You could spend a paragraph or two just charting the relationships between these musicians, and while those links are pertinent, that’s probably not the best way to get close to this music. So feel free to put the parentheticals into the search engine of your choice, and let’s dig in.
This much you should know; saxophonist John Butcher (AMM, Polwechsel) is good at having it both ways. The lifelong Londoner’s improvising derives richness from the sort of mutual understanding that arises in long-term musical relationships, but he also thrives on surprise. He gets both by playing with people very occasionally; this CD combines two encounters with Australian-born drummer Tony Buck (The Necks) that were performed a pair of festivals 40 months apart. For added variety, each set includes a different third player. Austrian guitarist Burkhard Stangl (Polwechsel, Schnee, Ton Art) plays on “Flamme,” which was recorded for the LMC Festival in 2007, and pianist Magda Mayas (Spill), Christine Abdelnour joins them for “Vellum,” from the 2011 edition of Freedom of the City.
In The Necks, Buck plays music that evolves slowly and is primarily melodic. In other settings, he lets himself change things up more, but you can still hear his patented slow slide during some extended passages of gently raining cymbal strikes during parts of “Flamme.” But Butcher is a very different foil than Buck’s usual partner, The Necks pianist Chris Abraham. His playing is full of short, punching interjections and quiet, bubbling textures; there are points where his contributions sound more like the wind or an old synthesizer than a saxophone. But whatever the sound he selects in the moment, Butcher can be counted on to simultaneously heighten its tension and point the way to whatever is coming next. At this point his catalog of sounds, while novel by comparison to your average jazz saxophonist’s, are nonetheless familiar; but the acuity with which he stokes the music’s excitement and amplifies its possibilities is all his own. Stangl responds with a catalog of his own, tossing choppy rockish chording, prickly acoustic string-tugs, and tart, isolated note-bends that elicit quick pivots from the other two players.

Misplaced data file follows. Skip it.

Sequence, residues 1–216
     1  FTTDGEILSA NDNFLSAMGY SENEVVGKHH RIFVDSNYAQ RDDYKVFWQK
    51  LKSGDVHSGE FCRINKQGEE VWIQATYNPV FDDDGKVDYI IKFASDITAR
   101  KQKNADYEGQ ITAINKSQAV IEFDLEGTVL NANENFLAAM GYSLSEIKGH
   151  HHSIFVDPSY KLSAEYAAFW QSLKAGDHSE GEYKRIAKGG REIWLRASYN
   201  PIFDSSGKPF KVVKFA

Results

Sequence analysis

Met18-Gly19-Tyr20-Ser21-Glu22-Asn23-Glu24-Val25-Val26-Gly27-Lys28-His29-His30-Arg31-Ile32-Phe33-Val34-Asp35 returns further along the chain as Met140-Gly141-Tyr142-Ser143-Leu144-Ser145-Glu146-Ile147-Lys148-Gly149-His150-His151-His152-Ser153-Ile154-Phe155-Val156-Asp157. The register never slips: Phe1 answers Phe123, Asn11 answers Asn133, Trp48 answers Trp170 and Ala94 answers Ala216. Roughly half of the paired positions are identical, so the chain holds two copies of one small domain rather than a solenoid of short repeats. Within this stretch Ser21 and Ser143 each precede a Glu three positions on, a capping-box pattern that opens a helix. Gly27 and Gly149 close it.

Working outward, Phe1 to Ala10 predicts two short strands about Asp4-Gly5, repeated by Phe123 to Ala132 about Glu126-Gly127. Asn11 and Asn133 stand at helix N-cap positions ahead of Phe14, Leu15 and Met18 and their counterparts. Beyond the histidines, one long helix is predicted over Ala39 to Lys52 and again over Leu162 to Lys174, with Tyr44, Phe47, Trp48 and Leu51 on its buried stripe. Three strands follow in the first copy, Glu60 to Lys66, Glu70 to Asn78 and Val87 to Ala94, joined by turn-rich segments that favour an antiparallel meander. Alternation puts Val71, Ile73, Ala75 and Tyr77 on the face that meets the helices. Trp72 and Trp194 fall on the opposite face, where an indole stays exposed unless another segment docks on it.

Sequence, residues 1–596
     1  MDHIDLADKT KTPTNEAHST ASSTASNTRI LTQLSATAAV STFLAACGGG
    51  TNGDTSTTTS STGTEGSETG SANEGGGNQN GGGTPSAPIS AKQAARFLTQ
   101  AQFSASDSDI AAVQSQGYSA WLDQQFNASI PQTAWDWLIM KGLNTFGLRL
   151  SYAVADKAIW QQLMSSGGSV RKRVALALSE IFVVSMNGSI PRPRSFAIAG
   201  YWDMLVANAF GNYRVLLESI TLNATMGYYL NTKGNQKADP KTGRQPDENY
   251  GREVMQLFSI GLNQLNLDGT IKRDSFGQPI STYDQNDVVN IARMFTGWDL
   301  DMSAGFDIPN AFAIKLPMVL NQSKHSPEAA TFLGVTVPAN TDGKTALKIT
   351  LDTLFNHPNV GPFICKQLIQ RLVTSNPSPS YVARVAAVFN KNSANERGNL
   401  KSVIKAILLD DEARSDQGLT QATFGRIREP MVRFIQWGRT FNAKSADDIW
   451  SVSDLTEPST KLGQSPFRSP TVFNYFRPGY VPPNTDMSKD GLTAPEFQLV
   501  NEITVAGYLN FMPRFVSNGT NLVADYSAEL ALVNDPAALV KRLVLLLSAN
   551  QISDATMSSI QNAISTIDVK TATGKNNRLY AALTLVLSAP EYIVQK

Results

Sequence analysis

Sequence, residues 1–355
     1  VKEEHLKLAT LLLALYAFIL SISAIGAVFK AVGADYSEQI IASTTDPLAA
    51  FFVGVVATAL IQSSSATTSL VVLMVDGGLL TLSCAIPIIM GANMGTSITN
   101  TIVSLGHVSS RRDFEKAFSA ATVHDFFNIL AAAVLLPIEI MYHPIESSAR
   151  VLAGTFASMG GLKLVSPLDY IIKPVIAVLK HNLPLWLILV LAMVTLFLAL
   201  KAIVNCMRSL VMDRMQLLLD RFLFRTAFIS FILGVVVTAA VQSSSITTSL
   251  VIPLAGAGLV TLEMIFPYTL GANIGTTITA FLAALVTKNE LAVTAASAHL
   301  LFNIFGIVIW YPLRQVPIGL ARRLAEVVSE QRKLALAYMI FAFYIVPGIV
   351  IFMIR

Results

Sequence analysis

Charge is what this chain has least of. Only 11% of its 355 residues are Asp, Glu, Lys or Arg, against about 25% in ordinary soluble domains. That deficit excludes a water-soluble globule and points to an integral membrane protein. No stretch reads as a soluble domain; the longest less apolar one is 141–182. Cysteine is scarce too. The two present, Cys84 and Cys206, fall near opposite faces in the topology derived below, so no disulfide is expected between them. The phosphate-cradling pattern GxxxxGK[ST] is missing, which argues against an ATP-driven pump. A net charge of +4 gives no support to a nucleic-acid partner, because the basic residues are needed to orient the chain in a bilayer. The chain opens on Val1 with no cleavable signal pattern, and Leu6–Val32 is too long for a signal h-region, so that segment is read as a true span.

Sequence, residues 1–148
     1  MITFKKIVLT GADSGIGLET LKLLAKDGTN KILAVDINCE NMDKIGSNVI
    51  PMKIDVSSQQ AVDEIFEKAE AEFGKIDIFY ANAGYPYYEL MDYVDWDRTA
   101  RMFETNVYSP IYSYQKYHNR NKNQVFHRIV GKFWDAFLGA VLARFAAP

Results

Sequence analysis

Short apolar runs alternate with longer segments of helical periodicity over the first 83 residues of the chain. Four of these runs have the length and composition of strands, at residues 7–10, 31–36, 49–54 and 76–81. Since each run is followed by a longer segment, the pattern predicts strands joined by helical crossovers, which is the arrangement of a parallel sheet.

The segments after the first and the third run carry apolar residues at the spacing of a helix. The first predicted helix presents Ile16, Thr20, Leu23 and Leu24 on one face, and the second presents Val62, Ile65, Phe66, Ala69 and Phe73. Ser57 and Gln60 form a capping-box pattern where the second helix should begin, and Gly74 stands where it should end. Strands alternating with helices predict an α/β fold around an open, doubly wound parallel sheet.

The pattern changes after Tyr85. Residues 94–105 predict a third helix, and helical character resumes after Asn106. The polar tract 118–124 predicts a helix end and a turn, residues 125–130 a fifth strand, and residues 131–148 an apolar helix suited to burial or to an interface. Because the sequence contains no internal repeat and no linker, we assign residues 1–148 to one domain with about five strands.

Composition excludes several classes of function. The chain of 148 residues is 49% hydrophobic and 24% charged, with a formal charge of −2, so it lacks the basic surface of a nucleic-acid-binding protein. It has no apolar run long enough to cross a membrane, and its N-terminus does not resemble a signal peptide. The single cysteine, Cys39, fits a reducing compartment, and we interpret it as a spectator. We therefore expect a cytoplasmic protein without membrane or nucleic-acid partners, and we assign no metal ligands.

If “Flamme” is fired by productive friction, “Vellum” is founded on consonance. Mayas, like Butcher, sticks mostly to her instrument’s non-standard sounds. Her inside-piano swoops and hand-muted single notes also blend with Buck’s percussion so that they seem like one many-handed instrument, albeit one with orchestral range. While the concert lasts about as long as a Necks concert would, it stays away from their slow-building arc. Instead this music expands and contracts in peristalsic fashion, bursting out of each small tight space with a quick lunge that billows outward in all directions. There’s an especially beautiful spot near the end where Butcher’s fine-brushed tenor utterances seem to surface out of the other two players’ slow-motion gamelan so gradually that it seems to grow out of the music’s skin. Then in a second, it all turns to storm, and you can almost see them leaning into the wind. Then it resolves so quickly, it’s as though it was never there. Exquisite.